He 162 aircraft at rest, Apr 1945

Caption   He 162 aircraft at rest, Apr 1945 ww2dbase
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He 162 Volksjäger   Main article  Photos  
Added By C. Peter Chen
Added Date 7 Sep 2006

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Visitor Submitted Comments

1. Commenter identity confirmed Bill says:
20 Feb 2009 03:13:24 PM

Info on above photo: He 162 V1 (Werk Nu. 200 001) was rolled out at Schwechat and flown on 6 Dec. 1944 achieving 522 mph in level flight at 19,685 ft. With Flugkapitan Peter at the controls. Four days later during tests, the starboard wing leading edge ripped away during an unscheduled low-level high-speed run across the airfield. The prototype immediately started to roll, the starboard aileron and wingtip broke away and the aircraft crashed, Peter losing his life.
2. Commenter identity confirmed Bill says:
6 Jan 2011 08:04:02 PM

Another interesting Mistel concept was the Heinkel He 162/E-377a flying bomb. The E-377a was a shoulder mounted wing guided bomb, powered by two jet engines this project never flew. Both aircraft were to be mounted on a trolley, after takeoff the trolley seperated and over the target, the E-377a was launched from the He 162 the jets gave the E-377a enough speed to impact the target.
3. Commenter identity confirmed Bill says:
17 Feb 2012 10:23:43 PM

The first He162s delivered were 42 prototype aircraft. During operational testing many of the fighters were lost due to engine failure pilot error takeoff and landing accidents. At wars end many were captured by American and British forces, He162s were captured by Soviet forces and shipped back to the USSR for testing. About 116 He162s were built before wars end other sources list 238 aircraft, with 800 in different stages of construction. 1./JG1 was one of the first units to operate the 162 and were losing an average of one fighter every two days, due to accidents, pilot error, mechanical and structural failure. The BMW 003E jet engines were tempermental, had short engine life and were unreliable shortage of fuel and parts kept many grounded. Ground crews did their best to keep them operational its a miraclous feat of wartime engineering and maintenance to design, build and maintain these aircraft. The US shipped three He162s back for testing and evaluation one was flown once at Muroc Army Air Field, known today as Edwards AFB, located in California USA. Another was tested at Freeman Field, Indiana this aircraft is now on display at the National Air & Space Museum, Washington, DC the last one was scrapped in the late 1940s THE AIR MUSEUMS HE162: After testing and evaluation the He162 was declared surplus, this aircraft was once assigned to 2./JG1 captured at Leck, Germany on May 8, 1945. It was acquired by Ed Maloney founder of the Air Museum as it was known in the late 1950s early 1960s, and now known as the Planes of Fame Museum located in Chino, Ca. USA. The aircraft was restored and is on display at the museum today. Built in 1945 at the Heinkel Rostock-Maricenehe plant s/nr 120077 was assigned to 2./JG1 and was flown by Lt. Gerhard Hanf who started conversion training on the He162 after flying Bf109 and Fw190s in combat. The training was rushed it was at best basic and rudimentary by Heinkel factory test pilots. Training flights were short fifteen minutes! how were experienced pilots going to train through familiarization of aircraft controls, instruments, just flying the He162 was demanding even for experienced Luftwaffe pilots, followed by a solo flight with less than a few hours training and take it into combat. WAR PRIZES: The USAAF tested and evaluated the He162 after the war. Aircraft were scrapped or stored for later museum use. The British tested the He162 at Farnborough in 1945 logging about 50 minutes flying time one crashed the other is on display at the Imperial War Museum, London, England The French tested and evaluated the aircraft between 1947-1948 flights were short between 20-30 minutes, this was done to give french pilots experience in jet aircraft. One He162 is on display today at the Musee de L'Air, Paris, France The Russians tested and evaluated the He162 after the war with test flights starting in 1946 The Russians captured the factories building the He162 and salvaged many of the airframes, parts, blueprints, engines and production jigs and tools along with the technicians and engineers shipped them back to Mother Russia for post-war testingd some He162s were operational by the Red Air Force to give its pilots hands on experience with jet aircraft. German jet engine & jet aircraft technology helped developed many of the early post-war jet projects, leading to the design of the Mig 15 note* File photograph is prototype He162 aircraft with standard stright wings. Later prototypes M3 and M4, were fitted with drooping wing tips to help improve lateral stability. This modification was later designed into production aircraft. Another project was the Heinkel He162 and the Arado E.377 Mistel Combination. The Arado E.377 was a twin-jet engine flying bomb carried by a He162. Both aircraft were launched using a 20 ton trolly for takeoff, However this was only a paper project...but its another "What if..." Wunderwaffen Suggested Reading: WAR PRIZES By Phil Butler Published by Midland Ltd. (1994) ISBN 10 1857802446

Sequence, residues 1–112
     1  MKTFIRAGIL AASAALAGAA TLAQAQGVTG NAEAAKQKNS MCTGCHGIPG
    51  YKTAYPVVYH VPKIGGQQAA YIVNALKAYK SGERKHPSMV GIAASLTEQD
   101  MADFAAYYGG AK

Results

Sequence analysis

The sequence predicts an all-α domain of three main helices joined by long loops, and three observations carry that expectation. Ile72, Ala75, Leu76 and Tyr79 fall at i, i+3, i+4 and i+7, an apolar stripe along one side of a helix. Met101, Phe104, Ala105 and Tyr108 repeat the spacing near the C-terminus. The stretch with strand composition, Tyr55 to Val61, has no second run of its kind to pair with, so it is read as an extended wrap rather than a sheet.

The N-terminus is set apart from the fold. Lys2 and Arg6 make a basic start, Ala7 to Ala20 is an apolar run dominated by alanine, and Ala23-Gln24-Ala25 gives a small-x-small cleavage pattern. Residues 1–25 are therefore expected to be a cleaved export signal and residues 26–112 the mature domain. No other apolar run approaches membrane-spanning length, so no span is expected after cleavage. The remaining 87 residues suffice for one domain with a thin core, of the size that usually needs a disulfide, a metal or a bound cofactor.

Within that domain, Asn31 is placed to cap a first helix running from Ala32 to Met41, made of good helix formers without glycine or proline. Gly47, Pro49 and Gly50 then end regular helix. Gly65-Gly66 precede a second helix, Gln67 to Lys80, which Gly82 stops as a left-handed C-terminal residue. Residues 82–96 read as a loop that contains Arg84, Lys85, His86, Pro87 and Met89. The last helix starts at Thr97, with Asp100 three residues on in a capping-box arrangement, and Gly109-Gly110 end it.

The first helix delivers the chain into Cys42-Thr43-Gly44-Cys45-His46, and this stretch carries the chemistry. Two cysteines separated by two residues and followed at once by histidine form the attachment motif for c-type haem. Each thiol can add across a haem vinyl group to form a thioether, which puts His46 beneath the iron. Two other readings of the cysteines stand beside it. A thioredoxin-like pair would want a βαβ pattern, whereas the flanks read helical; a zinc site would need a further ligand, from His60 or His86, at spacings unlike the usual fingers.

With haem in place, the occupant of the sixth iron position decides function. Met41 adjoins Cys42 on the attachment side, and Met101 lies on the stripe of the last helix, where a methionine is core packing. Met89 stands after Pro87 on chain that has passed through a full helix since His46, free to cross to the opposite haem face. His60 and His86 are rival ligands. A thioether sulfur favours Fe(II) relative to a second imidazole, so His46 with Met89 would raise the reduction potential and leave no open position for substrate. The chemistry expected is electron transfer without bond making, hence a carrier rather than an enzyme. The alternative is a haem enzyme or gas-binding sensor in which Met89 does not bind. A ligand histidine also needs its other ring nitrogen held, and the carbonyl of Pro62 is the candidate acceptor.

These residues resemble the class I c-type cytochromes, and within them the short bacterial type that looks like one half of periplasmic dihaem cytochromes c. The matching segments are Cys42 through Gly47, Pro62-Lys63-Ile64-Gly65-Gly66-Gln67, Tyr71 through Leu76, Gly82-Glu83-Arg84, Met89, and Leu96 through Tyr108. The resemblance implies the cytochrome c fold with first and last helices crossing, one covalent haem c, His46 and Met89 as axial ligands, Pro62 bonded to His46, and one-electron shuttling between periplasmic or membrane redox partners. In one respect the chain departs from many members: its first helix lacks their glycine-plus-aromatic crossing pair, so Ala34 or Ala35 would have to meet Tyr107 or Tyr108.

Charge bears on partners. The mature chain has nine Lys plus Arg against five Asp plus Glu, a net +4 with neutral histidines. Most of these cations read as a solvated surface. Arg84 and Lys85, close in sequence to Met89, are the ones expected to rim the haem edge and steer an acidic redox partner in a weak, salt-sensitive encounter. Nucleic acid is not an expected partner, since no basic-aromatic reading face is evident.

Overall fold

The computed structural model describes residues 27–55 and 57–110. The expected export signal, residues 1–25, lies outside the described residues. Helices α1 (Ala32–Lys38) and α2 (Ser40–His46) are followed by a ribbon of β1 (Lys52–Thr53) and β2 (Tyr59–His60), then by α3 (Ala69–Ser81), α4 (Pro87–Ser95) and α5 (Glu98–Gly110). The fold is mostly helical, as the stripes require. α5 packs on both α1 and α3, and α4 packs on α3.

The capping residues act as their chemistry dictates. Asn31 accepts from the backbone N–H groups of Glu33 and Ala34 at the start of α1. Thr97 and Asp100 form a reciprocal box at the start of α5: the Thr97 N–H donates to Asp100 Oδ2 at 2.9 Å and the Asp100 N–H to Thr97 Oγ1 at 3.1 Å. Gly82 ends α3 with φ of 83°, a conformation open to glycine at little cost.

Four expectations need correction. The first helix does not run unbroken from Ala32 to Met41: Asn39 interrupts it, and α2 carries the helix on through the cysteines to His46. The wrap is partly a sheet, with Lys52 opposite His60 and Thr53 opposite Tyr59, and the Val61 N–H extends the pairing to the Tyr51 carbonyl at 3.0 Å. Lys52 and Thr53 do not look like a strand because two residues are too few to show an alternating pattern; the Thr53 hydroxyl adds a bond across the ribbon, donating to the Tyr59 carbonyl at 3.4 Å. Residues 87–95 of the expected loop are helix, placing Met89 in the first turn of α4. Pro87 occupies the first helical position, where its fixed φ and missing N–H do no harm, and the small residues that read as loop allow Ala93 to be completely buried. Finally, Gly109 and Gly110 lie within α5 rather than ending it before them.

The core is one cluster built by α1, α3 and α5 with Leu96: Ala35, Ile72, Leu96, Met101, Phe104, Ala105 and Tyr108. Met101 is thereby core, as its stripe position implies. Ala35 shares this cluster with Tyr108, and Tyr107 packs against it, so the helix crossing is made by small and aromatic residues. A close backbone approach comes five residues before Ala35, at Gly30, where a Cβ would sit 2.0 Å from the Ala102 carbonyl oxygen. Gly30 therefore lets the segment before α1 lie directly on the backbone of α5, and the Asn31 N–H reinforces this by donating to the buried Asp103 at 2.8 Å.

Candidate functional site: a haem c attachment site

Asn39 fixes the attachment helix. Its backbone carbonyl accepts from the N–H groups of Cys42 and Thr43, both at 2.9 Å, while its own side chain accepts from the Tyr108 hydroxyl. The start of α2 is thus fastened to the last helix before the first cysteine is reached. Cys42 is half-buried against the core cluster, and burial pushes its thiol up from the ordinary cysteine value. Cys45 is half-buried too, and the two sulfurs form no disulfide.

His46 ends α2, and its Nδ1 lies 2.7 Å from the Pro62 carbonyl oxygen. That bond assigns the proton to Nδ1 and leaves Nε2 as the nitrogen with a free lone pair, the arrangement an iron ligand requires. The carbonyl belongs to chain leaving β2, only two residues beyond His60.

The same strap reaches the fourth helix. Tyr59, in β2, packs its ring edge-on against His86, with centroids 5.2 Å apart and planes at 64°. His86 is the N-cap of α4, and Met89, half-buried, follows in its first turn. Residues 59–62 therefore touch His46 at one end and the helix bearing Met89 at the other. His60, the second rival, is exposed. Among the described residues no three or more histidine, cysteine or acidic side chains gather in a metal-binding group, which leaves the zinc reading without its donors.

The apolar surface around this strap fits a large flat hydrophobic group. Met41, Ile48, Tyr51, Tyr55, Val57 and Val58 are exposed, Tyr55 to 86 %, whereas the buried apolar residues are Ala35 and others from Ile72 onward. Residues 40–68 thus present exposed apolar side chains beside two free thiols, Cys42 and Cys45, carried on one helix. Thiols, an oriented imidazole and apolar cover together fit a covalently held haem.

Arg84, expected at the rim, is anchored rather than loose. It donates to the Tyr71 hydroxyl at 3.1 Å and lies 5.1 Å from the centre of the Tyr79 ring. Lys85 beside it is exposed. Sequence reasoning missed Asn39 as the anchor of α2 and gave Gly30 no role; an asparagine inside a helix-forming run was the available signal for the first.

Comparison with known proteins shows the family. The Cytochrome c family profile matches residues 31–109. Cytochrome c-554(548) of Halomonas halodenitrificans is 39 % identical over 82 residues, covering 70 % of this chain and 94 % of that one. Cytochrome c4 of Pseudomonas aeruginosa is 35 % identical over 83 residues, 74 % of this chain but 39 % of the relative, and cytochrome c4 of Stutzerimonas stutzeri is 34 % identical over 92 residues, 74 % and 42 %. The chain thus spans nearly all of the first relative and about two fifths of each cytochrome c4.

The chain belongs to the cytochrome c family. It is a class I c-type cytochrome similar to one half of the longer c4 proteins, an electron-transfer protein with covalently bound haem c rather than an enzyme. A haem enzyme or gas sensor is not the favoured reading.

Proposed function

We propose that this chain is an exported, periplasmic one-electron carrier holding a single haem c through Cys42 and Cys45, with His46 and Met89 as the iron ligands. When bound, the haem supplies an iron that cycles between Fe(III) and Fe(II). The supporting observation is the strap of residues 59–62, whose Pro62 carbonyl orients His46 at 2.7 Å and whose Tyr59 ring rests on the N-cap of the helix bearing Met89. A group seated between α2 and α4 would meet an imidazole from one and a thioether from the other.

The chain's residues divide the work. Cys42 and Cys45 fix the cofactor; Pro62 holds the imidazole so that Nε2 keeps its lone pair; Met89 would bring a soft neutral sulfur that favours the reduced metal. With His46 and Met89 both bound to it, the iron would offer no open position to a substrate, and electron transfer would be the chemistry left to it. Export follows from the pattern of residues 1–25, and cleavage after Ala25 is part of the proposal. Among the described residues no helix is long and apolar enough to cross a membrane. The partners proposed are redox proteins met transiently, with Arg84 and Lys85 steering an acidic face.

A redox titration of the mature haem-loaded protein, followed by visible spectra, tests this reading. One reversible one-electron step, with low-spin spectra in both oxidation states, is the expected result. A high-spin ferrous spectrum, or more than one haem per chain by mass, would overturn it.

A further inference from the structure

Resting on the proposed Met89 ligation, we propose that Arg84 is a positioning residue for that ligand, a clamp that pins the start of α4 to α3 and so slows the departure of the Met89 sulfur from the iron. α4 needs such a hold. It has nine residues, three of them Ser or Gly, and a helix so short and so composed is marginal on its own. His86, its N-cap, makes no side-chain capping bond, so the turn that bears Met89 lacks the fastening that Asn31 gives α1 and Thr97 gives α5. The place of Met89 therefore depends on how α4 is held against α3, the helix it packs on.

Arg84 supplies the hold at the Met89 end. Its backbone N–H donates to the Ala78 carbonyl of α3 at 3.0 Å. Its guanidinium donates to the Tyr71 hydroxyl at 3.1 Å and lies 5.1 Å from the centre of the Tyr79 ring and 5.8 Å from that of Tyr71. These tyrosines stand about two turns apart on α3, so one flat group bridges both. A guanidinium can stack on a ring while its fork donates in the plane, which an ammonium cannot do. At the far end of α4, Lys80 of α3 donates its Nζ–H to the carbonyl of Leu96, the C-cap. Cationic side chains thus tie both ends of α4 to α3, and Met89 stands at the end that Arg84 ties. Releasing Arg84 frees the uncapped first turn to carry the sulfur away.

4. Commenter identity confirmed Bill says:
3 Dec 2015 05:18:25 PM

PROTOTYPE FIGHTER: Photograph of one of four prototype He 162s built along with another 31 He 162A-0 pre-production machines. Photo could be V-1/M-1/200001. FIRST FLIGHTS: First flight was on December 6,1944, Second flight was on December 10, 1944 aircraft crashed killing test pilot Peter. Note * no Anhedral wing tips (sloping downward) FILE PHOTOGRAPH: PRODUCTION-LINE Another source lists photo taken at the infamous Mittelwerk Facility, at Nordhausen

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